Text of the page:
This is startling news from Healthaffairs.org ! If the methodology is sound and it pans out, I think the underwriting and risk management for hospitals will have to adjust mightily, and in short order:
The patient safety study, conducted by David Classen of the University of Utah and coauthors at the Institute for Healthcare Improvement, compared three methods for detecting adverse events in hospitalized patients, including the Institute’s own Global Trigger Tool. The study drew on comparable samples of patients from three leading hospitals that had undertaken quality and safety improvement efforts.
Among the 795 patient records reviewed, voluntary reporting detected four events, the Agency for Healthcare Research and Quality (AHRQ) Indicators detected 35, and the Global Trigger Tool detected 354 events, ten times more than the AHRQ method. In other words, the AHRQ indicators and voluntary reporting missed more than 90 percent of adverse events identified by the Global Trigger Tool. If anything, the researchers say, their findings are conservative, because they rely on medical record review, which would not detect as many adverse events as direct, real-time observation would.
The researchers say that reliance on voluntary hospital reporting or the AHRQ indicators could lead to seriously flawed perceptions of patient safety in the United States. They also note that the Global Trigger Tool detected a much higher rate of adverse events for hospitalized patients than previous studies have shown. Although the Global Trigger Tool is a somewhat more resource-intensive method because it involves medical record review, the researchers suggest that it could be incorporated into commercial electronic health record systems, thus making it easier and less costly to use.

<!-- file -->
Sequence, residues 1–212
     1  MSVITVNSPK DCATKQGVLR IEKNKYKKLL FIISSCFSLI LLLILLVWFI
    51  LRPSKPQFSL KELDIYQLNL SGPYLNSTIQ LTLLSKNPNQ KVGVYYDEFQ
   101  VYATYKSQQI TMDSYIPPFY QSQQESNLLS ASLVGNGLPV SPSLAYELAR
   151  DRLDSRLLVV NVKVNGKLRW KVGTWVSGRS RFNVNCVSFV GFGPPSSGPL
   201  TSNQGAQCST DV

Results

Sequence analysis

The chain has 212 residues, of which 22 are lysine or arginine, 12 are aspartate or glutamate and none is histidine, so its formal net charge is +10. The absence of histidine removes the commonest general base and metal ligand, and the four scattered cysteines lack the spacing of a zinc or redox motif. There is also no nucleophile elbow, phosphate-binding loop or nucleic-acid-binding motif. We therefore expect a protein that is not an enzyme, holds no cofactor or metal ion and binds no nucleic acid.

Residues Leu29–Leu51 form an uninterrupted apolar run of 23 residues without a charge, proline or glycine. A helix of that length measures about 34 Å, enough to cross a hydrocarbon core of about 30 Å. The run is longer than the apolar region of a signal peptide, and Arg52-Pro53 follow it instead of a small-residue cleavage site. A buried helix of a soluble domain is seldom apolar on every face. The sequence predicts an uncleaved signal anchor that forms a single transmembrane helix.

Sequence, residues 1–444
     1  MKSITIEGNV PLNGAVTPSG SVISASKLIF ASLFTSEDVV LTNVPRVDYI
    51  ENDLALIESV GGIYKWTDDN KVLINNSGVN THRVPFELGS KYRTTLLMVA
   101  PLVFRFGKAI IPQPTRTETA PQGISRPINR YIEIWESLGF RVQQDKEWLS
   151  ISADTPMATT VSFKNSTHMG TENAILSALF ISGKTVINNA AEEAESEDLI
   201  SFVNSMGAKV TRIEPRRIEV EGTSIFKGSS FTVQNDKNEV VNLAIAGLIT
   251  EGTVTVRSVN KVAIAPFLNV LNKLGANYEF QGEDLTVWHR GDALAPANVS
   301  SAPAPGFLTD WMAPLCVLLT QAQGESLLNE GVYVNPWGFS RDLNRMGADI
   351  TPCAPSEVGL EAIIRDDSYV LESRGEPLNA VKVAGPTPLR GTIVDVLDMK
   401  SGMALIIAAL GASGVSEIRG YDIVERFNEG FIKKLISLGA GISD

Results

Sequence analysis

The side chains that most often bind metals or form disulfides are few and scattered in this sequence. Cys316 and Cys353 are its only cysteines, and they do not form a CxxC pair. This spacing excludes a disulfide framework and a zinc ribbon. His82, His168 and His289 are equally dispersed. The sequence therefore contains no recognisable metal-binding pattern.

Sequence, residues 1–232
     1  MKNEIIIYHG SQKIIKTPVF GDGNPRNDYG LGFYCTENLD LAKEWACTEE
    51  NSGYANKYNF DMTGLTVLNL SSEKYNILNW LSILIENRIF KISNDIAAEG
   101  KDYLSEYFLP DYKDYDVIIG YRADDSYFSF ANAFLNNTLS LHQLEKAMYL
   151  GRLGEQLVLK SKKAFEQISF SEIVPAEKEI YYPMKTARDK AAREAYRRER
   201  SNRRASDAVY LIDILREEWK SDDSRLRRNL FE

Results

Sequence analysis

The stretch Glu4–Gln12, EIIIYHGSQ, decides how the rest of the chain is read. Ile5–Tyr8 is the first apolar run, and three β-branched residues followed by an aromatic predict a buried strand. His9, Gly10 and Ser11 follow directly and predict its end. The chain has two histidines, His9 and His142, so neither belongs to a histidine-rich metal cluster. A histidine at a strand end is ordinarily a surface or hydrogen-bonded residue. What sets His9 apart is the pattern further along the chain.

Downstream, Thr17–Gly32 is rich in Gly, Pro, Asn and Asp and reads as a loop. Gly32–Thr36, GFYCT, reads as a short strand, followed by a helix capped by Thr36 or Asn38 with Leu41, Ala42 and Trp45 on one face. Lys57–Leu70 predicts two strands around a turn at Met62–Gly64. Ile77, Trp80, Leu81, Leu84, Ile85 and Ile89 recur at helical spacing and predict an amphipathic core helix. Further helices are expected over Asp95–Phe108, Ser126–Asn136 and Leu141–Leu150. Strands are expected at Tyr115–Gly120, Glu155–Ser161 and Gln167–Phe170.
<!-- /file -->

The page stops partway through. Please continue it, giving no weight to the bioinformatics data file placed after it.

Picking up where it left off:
More disturbing perspectives that should keep you eating your apple a day:
An analysis by Jill Van Den Bos and colleagues at Milliman’s Denver Health practice in Colorado, based on insurance claims, estimated the annual cost of measurable preventable medical errors that harm patients to be $17.1 billion in 2008 dollars. Ten types of errors accounted for more than two-thirds of the total cost, with the most common ones being pressure ulcers, postoperative infections, and persistent back pain following back surgery. The researchers recommend that these three types of errors receive top priority for intervention and improvement.
John Goodman of the National Center for Policy Analysis, and coauthors, found that there is a social cost to adverse events, and it is based on what people would be willing to pay to avoid the risk of death or injury caused by medical management. That dollar figure ranges from $393 billion to $958 billion. Yet the United States has few policies to compensate patients harmed by medical errors, other than a “very imperfect tort system,” in which fewer than 2 percent of patients harmed ever file a malpractice suit and even fewer receive any compensation, the researchers note.